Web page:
Canisius Welcomes Author and Educator Robin Wall Kimmerer

February 12, 2024
Robin Wall Kimmerer

Canisius University will welcome Robin Wall Kimmerer to campus on Tuesday, March 5, 2024, at 6 pm in the Montante Cultural Center. A scientist, author and educator, Kimmerer is a member of the Citizen Potawatomi Nation. She will discuss her widely acclaimed book “Braiding Sweetgrass: Indigenous Wisdom, Scientific Knowledge, and the Teachings of Plants.” The event is held under the auspices of the university’s William H. Fitzpatrick Chair of Political Science Lecture Series and is free and open to the public.

Kimmerer is a SUNY distinguished teaching professor of environmental biology and the founder and director of the Center for Native Peoples and the Environment. The center creates programs which draw on the wisdom of both indigenous and scientific knowledge for shared goals of sustainability. 

As a writer and a scientist, Kimmerer’s interests in restoration include not only restoration of ecological communities but restoration of our relationships to land. She is the author of numerous scientific papers on plant ecology, bryophyte ecology, traditional knowledge and restoration ecology. 

Her first book, “Gathering Moss: A Natural and Cultural History of Mosses,” was awarded the John Burroughs Medal for outstanding nature writing, and her other work has appeared in Orion, Whole Terrain, and numerous scientific journals. In 2022, “Braiding Sweetgrass” was adapted for young adults by Monique Gray Smith. This new edition reinforces how wider ecological understanding stems from listening to the earth’s oldest teachers: the plants around us.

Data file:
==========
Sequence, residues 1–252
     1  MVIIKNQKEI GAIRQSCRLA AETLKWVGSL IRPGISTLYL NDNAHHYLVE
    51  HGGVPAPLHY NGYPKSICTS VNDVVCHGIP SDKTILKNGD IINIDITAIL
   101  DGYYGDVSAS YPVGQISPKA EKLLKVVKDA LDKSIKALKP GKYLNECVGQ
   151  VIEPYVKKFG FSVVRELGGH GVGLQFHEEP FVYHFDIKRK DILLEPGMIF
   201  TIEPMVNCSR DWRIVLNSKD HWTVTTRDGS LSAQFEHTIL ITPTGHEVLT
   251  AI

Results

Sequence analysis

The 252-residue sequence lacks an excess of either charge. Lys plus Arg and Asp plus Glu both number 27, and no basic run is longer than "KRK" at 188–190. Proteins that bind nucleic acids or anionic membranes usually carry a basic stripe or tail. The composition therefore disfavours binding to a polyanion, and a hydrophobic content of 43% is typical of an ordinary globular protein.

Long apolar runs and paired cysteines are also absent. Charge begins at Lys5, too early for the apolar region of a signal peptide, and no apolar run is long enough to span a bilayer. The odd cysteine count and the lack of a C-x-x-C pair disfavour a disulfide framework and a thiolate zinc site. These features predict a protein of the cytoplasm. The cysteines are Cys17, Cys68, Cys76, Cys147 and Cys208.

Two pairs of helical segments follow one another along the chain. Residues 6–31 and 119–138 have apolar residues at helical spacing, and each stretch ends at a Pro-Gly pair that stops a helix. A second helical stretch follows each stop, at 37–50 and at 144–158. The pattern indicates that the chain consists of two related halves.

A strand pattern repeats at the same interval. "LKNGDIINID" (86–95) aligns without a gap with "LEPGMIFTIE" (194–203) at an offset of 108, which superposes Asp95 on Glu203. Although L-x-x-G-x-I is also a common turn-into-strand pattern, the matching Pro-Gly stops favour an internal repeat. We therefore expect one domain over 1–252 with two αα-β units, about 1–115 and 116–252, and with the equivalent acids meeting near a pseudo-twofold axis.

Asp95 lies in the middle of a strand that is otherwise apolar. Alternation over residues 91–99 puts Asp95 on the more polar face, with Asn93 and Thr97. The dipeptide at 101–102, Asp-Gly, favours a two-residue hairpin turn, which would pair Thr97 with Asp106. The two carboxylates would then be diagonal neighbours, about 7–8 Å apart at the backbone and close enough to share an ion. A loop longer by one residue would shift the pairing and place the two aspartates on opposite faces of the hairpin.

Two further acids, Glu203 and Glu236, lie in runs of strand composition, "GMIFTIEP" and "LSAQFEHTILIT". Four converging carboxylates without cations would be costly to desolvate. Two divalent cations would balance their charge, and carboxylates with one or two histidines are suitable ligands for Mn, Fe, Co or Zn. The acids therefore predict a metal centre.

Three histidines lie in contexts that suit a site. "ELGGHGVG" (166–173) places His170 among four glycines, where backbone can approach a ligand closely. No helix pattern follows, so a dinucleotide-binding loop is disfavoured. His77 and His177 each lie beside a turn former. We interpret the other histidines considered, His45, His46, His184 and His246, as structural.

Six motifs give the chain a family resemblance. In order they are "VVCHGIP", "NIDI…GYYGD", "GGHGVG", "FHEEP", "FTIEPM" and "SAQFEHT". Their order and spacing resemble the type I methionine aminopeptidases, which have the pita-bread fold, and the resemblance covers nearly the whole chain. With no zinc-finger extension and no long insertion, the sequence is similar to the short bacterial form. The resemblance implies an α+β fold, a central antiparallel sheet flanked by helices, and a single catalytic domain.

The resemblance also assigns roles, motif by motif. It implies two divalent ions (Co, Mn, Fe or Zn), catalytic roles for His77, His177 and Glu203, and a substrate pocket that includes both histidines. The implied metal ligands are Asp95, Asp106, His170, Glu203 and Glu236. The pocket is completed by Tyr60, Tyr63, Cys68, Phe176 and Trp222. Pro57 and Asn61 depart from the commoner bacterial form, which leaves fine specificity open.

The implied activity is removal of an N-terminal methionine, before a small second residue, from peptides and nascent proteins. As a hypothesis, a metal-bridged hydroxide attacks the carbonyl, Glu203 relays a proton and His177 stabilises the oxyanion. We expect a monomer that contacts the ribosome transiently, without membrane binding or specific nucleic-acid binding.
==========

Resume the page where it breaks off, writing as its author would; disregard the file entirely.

Kimmerer tours widely and has been featured on NPR’s On Being with Krista Tippett, and in 2015 addressed the general assembly of the United Nations on the topic of “Healing Our Relationship with Nature.” She was named a MacArthur Fellow in 2022.

Kimmerer holds a bachelor’s degree in botany from State University of New York College of Environmental Science and Forestry, and a master’s degree and PhD in botany from the University of Wisconsin.

The Fitzpatrick Lecture Series at Canisius is part of the larger Fitzpatrick Institute of Public Affairs and Leadership at the university, which provides an array of opportunities for Canisius students to develop leadership potential through close contact with and exposure to those who contribute to American public affairs and societal issues. 

The Institute and the Fitzpatrick Lecture Series are named for William H. Fitzpatrick, a South Buffalo builder and longtime chair of the Erie County Democratic Party. His sons, Paul E. and Walter D. Fitzpatrick, endowed Fitzpatrick programming at Canisius in 1958, in memory of their father. In 1962, the Hon. Harry S. Truman, 33rd president of the United States, inaugurated the Fitzpatrick Lecture Series at Canisius. Each year since, the university has hosted national figures in politics, government, academia and media, including Jane Goodall, Robert F. Kennedy Jr. and Bernice King, all under the auspices of the Fitzpatrick family.

For further details regarding talk, please contact Richard A. Bailey, PhD, Fitzpatrick professor of history, at (716) 888-2684 or @email.

Canisius was founded in 1870 in Buffalo, NY, and is one of 27 Jesuit colleges and universities in the U.S. Consistently ranked among the top institutions in the Northeast, Canisius offers undergraduate, graduate and pre-professional programs distinguished by close student-faculty collaboration, mentoring and an emphasis on ethical, purpose-driven leadership.